The overall objective of this research was to comprehensively describe sedentary behaviour among New Zealand (NZ) young people aged 10-18 years using a dual subjective and objective approach to measurement. Specific aims were to a) quantify self-reported engagement in behavioural sets of sedentary behaviours, broadly classified as screen and non-screen behaviours; b) objectively quantify total sedentary time using accelerometry; c) examine sedentary behaviour outcomes by various demographic sub-groups and d) examine whether sedentary behaviour differs between overweight, obese, and healthy (or underweight) young people. To our knowledge, this is the first study to report concurrently-collected subjective and objective data on sedentary behaviour in a nationally representative sample of children, though this has been done recently in adults [12].


A national representative cross-sectional survey of NZ young people aged 5-24 years was conducted between September 2008 and May 2009. The survey was conducted according to the ethical principles outlined in the Declaration of Helsinki and was covered by Statistics New Zealand Tier 1 ethical approval. Written consent was obtained from all participants or their parent, depending on the age of the participant. Sedentary behaviour outcomes for participants aged 10-18 years are reported here.

Study population and design

A complex survey design involving stratified multi-stage sampling was used, with meshblocks (a defined geographic area) as the primary sampling unit. Within each meshblock, eligible households were identified and asked to participate. One young person was randomly chosen from each eligible household. The overall response rate was 55%. A total of 2,503 young people aged 5-24 years participated in the survey, which consisted of 18.8% Māori (indigenous population), 9.6% Pacific, 12.9% Asian and 71.4% NZ European. This is representative of the ethnic composition of the general NZ population [13]. A total of 1,315 participants were aged 10-18 years.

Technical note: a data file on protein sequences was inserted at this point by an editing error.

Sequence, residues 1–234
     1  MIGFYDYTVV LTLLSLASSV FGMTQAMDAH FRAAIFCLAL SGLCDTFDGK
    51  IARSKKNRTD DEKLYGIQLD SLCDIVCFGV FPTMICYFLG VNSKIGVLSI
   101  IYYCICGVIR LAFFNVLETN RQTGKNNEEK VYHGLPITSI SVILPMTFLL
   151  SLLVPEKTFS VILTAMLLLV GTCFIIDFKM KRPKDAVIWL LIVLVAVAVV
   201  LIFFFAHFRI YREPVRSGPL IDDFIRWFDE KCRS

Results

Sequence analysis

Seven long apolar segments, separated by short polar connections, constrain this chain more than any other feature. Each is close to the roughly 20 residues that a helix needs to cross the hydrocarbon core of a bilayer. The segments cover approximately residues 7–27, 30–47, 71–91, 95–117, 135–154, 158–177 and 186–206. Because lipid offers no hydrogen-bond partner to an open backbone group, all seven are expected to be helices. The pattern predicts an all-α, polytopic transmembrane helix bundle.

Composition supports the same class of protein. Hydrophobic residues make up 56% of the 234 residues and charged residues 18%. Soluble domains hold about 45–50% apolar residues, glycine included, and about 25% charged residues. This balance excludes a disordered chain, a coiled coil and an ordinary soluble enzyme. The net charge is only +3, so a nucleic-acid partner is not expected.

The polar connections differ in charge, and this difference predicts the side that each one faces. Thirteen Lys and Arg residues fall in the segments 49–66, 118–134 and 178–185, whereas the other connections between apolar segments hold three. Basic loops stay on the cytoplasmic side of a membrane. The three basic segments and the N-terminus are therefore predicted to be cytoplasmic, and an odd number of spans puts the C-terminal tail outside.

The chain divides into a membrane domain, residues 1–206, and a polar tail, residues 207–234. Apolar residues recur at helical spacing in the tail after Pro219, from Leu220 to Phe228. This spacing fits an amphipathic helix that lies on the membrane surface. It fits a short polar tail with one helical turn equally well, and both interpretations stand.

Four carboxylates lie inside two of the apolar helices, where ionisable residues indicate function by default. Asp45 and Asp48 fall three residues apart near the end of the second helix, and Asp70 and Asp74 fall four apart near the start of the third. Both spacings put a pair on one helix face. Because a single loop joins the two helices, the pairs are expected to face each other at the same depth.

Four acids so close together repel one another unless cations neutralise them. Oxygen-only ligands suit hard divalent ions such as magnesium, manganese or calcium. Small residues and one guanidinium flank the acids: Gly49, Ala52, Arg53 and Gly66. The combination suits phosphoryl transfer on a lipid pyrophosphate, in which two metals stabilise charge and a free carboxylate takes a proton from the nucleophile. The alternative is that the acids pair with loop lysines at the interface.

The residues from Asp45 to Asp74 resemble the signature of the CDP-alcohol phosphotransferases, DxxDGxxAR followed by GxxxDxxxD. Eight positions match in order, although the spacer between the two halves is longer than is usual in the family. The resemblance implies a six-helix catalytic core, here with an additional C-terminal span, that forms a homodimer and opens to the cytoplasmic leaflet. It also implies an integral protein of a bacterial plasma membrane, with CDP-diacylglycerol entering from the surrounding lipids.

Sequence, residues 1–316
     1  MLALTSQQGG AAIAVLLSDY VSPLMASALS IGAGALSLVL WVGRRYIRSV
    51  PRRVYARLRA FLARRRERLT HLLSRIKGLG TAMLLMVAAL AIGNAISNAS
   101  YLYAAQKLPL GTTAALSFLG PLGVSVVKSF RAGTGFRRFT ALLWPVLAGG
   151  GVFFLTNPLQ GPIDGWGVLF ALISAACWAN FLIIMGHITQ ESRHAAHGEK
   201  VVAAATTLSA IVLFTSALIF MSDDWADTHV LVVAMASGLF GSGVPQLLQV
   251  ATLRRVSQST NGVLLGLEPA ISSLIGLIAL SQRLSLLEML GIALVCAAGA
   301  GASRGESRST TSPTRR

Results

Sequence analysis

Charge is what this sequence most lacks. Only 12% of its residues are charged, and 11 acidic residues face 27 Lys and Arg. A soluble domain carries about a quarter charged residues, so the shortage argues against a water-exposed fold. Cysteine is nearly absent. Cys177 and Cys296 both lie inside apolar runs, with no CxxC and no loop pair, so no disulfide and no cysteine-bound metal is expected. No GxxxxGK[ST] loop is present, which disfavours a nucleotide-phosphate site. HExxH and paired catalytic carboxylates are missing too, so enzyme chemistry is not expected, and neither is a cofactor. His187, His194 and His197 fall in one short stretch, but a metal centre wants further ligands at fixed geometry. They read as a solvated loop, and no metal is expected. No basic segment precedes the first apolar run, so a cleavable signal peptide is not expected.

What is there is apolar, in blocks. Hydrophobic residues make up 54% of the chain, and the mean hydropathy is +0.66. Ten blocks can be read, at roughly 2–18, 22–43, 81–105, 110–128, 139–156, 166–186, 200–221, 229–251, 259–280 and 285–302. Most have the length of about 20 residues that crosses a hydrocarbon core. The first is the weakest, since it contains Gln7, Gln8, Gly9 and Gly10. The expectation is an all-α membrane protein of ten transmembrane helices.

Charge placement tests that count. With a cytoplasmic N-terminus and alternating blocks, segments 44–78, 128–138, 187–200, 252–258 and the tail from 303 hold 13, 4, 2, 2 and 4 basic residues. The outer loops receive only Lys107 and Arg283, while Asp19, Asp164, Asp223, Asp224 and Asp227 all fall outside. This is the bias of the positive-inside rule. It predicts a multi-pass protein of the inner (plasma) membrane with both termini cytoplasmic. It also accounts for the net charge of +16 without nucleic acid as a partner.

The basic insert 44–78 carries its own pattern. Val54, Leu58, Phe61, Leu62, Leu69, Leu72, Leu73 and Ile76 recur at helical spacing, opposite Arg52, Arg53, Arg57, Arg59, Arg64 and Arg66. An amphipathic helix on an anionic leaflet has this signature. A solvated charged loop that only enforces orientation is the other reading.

Data were collected during a face-to-face home visit and a subsequent telephone interview conducted 7-14 days after the home visit. During the home visit, height and weight were measured and data on demographics and self-reported (subjective) physical activity and sedentary behaviour were collected. Accelerometers were then fitted to participants to provide an objective measure of behaviour over a seven-day period. During the telephone interview, additional self-reported data on physical activity and sedentary behaviour were collected.


Height was measured to the nearest 0.1 cm with a stadiometer (Seca, 214, Hamburg, Germany) and weight was measured to the nearest 0.1 kg with a digital scale (Tanita, UM-070, Illinois, US) according to standard procedures [14]. For both height and weight, two measures were taken. A third measurement was performed if differences of 0.1 cm and 0.1 kg, respectively were observed between the first and second measurements. The mean of two or the median of three measurements was used in analysis. BMI was calculated from the weight (kg) divided by height (m) squared. International Obesity Task Force [15] classifications of body size were derived.